“Do you understand what I have done for you?” Jesus actually answers his own question, if you keep reading. He says, “You call me Teacher and Lord—and you are right, for that is what I am. So if I, your Lord and Teacher, have washed your feet, you also ought to wash one another’s feet. For I have set you an example, that you also should do as I have done to you.”
There are a lot of models for living well. Many of them are centered around ideas of power, fame, wealth, status. Many of them are about winning. And yet, Jesus’ model is to serve, to give of yourself for the sake of others, to love. “Just as I have loved you, you also should love one another.”
What is the model that shapes the way you live your life?
What compels you? What guides you?
I think about Pope Francis and the way that he changed to become who he is today. Most of us, to some degree, have stories of personal transformation. And yet, I wonder what needs to change? In my life, in your life, in our community, in our world. Where are things not as they could be? As they should be?
And, as I read this passage, I’m struck by Jesus’ extreme practicality. His desire is to shape disciples that will transform the world with his message of love and redemption. But, he doesn’t get into all of that. He gets on his knees and washes their feet. He serves them. And he gives them these simple instructions, “if I, your Lord and Teacher, have washed your feet, you also ought to wash one another’s feet.”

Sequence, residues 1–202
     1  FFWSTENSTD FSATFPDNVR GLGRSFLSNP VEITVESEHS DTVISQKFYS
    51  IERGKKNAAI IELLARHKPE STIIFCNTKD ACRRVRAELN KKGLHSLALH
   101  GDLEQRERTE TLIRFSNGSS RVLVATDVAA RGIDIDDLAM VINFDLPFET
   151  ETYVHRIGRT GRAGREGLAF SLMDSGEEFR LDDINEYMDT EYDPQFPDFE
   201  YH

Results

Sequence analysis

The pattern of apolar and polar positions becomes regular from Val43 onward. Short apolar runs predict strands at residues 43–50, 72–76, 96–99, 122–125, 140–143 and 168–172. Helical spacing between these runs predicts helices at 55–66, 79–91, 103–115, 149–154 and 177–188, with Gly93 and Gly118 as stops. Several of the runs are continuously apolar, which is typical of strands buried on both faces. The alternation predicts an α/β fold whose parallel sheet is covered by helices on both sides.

It’s really a very simple question, “Do you understand what I have done for you?” Jesus’ answer is, I’ve loved you, I’ve served you. I’ve given you a clear model for what it means to live well, to live right with God. Now go and do it.”
It isn’t complicated, but it is difficult. Love is not some pithy thing. It does not allow us to remain where we are. It demands something of us. It is a tremendous responsibility. To love as Jesus loves us is to love sacrificially. To love until what we want far less important than what others need. To love like Jesus is to become a servant. And that’s what we are called to be, servants.
- Share a time that you've served someone else or been served by someone else and the impact it had on you.
- Share your thoughts on the importance of humility in following Christ.
- Share an example of societal standards (like who washes whose feet) being contrary to God's standards.
- Share your reaction to Jesus washing even Judas' feet, knowing that Judas would betray him.